Blog from the Bog: Cape Cod & More
When three travel experts from Palos Verdes put their heads together, they really expand a trip. We overnighted in Boston and wandered Beacon Hill on a Fall evening. Historic charming architecture made it easy to choose 75 Chestnut for dinner, with its bay windows and mum-filled window boxes, as well as great food. The original Duck Tour kept us giggling (think Jungle Tour, Disneyland, only a bit more hip) as we saw the sites of Boston and then entered the Charles River in our amphibious WW2 vehicle…too darn much fun. We even took time to walk the Freedom Trail before grabbing a bite at Quincy Market.
Our rental car took us south to Cape Cod (approximately 1.75 hour drive) where we found the most charming inn, in the ‘elbow’ of the Cape. Two British sisters run a 9-room inn (seasonal) that defines Cape Cod: on a quiet pond, a bountiful breakfast featuring beach plum jam made by Maria who was serving us, a bog ready for harvest next door, recommendations, maps and directions (we found ourselves lost but laughing on the narrow picturesque roads). Our room with its bay window looked east to the rising sun. It is one of the pleasures of travel to simply amble on simple roads, taking in the clapboard houses, large gardens, and village squares along Route 6A.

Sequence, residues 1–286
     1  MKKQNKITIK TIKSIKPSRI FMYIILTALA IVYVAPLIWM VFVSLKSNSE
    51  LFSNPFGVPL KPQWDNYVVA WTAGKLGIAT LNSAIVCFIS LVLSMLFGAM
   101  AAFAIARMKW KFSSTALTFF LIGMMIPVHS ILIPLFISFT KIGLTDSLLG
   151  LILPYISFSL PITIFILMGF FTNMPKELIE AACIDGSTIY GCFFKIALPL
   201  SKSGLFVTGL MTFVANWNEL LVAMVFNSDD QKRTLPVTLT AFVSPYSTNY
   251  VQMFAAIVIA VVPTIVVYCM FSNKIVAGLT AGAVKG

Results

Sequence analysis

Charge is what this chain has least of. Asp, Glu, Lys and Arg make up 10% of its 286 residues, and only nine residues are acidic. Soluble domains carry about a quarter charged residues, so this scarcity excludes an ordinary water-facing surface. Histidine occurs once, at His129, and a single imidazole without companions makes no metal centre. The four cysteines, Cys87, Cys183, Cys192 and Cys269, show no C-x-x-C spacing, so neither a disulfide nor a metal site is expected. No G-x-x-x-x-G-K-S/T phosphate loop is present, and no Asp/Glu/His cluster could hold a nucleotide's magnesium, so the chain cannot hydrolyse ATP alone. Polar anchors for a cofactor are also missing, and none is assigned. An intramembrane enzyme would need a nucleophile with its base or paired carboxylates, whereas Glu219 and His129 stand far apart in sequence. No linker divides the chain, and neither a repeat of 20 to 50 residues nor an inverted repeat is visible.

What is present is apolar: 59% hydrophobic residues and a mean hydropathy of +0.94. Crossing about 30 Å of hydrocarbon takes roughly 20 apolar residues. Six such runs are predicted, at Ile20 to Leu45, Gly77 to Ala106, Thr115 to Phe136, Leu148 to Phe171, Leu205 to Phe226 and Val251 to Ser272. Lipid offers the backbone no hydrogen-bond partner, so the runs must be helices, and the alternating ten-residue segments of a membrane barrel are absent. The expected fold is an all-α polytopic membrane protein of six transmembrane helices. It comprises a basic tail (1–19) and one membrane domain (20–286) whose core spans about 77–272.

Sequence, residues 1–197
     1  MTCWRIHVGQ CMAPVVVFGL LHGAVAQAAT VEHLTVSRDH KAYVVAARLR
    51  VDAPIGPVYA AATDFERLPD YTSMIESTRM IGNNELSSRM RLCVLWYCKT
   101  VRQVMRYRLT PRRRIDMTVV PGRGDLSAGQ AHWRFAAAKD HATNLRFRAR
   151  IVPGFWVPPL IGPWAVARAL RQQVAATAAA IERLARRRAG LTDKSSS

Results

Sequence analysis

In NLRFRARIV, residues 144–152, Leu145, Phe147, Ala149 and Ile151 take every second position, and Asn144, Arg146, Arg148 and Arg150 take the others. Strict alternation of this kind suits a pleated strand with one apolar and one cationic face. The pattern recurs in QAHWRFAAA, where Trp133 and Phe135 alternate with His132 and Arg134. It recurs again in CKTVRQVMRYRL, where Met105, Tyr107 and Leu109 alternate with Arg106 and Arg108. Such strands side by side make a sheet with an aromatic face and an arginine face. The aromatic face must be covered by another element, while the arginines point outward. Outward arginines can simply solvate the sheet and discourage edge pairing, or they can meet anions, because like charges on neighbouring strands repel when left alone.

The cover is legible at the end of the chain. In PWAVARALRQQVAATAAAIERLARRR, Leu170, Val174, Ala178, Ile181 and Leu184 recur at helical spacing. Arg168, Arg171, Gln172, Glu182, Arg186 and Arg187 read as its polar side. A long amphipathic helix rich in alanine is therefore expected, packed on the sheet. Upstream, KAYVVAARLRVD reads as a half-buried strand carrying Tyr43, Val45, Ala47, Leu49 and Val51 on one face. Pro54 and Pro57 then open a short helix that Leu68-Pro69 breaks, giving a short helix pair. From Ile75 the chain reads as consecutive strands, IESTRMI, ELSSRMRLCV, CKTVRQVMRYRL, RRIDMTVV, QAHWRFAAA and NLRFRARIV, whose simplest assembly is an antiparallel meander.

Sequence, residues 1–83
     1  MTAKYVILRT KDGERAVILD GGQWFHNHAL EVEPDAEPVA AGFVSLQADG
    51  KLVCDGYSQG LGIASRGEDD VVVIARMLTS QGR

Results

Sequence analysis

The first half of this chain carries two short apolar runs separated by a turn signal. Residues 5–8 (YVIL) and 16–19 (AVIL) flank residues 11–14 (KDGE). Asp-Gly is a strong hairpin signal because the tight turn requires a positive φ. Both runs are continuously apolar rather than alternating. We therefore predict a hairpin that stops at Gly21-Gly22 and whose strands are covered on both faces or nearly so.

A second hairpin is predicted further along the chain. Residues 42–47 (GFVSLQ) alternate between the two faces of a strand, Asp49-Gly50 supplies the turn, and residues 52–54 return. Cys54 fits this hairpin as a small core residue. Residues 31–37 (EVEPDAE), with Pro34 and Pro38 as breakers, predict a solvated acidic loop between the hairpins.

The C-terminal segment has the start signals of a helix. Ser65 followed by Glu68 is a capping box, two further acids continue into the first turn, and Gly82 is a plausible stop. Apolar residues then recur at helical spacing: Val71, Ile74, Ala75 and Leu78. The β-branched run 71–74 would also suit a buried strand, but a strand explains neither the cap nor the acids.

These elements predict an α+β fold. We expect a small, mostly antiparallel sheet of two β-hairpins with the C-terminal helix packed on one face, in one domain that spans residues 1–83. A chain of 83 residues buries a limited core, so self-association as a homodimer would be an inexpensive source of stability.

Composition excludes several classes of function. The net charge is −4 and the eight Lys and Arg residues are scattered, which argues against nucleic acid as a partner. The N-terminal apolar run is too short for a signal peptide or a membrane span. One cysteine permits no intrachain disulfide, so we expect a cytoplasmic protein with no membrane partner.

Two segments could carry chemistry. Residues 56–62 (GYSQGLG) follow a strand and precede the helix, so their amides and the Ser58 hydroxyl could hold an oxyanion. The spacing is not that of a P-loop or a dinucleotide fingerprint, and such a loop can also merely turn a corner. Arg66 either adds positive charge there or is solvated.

We had a sandwich in Sandwich on the Sandwich coast as we meandered along. We visited Provincetown at the end of Cape Cod, a narrow strip of commerce with art, history, food, and bordering the National Seashore. The eastern shoreline is so different from the California shore, but we dangled our feet in the ocean (cold). A visit to Wellfleet also satisfied our yen for zen: a village with lots of galleries, very few people, great fish for dinner, and plenty of safe places to walk. Getting back to our inn, we settled into the living room which felt like home, only better!
The last stop was Newport, Rhode Island, which was also a very scenic drive (approximately 1.5 hour drive); we stayed at the Viking Hotel which is at the quiet end of Bellevue Avenue, the center of old Newport. We walked the neighborhood and took in the period homes all around the hotel; it was then an easy walk into town and the Tennis Hall of Fame! With a car we were able to drive the breathtaking Ocean Drive, about 8 miles along the Newport Sound; you cannot miss the historic mansions of the rich and famous, who came to these ‘cottages’ during the summer months at the turn of the century.